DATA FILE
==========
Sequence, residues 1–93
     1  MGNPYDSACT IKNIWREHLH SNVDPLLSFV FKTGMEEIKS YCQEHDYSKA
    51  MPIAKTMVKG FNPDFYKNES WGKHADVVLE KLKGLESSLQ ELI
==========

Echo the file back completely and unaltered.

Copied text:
Sequence, residues 1–93
     1  MGNPYDSACT IKNIWREHLH SNVDPLLSFV FKTGMEEIKS YCQEHDYSKA
    51  MPIAKTMVKG FNPDFYKNES WGKHADVVLE KLKGLESSLQ ELI